Photo 3 … Trail at the top of our first mountain climb … sort of a cross between a single track ATV trail and a dirt 2T … although it’s difficult to see in this picture, the trail drops off of this mountain, goes through several switchbacks, then climbs up the next mountain centered in the frame. As long as we were at higher elevations the trails were quite dry … usually hard clay with large rocks present in the surface … the rocks occasionally formed the entire surface of the trail and gave me plenty of practice climbing and descending rocky stair steps and rock-filled erosion ruts. This area was relatively easy riding and quite fun … the greatest hazard was spending too much time looking at the scenery … more than once I nearly ran off the trail after becoming a bit too enamored with the real estate. This trail actually turned out to be a viable route as we later emerged on one of the many National Forest roadways and therefore didn’t have to backtrack through the particularly muddy climb previously described. Although not particularly evident in this shot, just off the side of the trail is an extremely steep incline … perhaps greater than 60 degrees slope most of the time and quite often, a sheer cliff … therefore staying on the trail is imperative to maintain one’s health!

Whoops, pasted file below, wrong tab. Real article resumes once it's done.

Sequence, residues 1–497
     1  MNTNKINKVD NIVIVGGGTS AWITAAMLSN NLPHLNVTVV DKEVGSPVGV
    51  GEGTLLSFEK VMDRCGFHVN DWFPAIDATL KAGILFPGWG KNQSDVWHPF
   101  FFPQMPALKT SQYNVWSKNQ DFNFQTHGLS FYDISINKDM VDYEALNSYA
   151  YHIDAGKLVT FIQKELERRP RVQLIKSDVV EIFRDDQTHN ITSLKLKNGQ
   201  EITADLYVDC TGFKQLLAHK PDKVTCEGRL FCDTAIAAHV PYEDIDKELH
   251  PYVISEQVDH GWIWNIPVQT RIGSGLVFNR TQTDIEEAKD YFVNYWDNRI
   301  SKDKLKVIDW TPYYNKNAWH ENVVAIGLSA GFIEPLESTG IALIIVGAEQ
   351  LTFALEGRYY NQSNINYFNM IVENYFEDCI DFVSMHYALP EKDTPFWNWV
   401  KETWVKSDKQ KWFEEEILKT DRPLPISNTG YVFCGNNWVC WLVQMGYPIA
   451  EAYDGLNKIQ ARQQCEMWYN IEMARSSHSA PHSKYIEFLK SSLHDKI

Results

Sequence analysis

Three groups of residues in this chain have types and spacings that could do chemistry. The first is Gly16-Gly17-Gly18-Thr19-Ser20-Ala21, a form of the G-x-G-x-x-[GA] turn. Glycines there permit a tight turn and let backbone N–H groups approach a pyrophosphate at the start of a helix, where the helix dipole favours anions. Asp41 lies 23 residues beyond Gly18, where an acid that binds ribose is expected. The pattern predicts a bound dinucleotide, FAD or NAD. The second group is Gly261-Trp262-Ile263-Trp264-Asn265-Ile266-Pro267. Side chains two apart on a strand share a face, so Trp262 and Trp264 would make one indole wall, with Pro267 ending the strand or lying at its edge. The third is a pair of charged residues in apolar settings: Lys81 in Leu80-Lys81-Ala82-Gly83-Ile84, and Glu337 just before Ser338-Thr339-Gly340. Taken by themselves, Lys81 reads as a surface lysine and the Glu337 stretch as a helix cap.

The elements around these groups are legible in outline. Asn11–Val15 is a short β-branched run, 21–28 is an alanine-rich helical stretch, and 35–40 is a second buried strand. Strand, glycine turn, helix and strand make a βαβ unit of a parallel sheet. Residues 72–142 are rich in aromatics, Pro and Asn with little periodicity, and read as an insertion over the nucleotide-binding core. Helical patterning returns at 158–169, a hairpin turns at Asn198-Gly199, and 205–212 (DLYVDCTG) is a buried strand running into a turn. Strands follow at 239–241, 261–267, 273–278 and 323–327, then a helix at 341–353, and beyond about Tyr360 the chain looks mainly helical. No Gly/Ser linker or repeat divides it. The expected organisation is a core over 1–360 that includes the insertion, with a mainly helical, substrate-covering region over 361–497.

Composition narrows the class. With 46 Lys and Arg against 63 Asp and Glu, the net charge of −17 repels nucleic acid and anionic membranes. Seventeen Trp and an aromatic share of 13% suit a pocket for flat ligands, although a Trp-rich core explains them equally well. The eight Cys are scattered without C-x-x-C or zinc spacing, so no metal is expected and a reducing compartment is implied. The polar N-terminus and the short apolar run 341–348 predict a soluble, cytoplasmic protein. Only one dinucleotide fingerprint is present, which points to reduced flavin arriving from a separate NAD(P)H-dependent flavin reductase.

Photo 4 … Here’s Indy blasting down one of the National Forest roadways … they are often a combination of pure gravel surface intermixed with sections of asphalt … we typically rode such areas at 25 to 30 mph … a nice comfortable speed to permit assessment of the scenery while still enjoying a bit of mechanical mayhem with the machinery.

Photo 5 … We ate lunch in Jellico, TN which is just over the TN border south of Williamsburg, KY. Jellico is actually outside the National Forest … here we are proceeding west out of Jellico and came across this ancient Jail … compared to some of the homes in the area, this old Jail is actually in pretty good shape.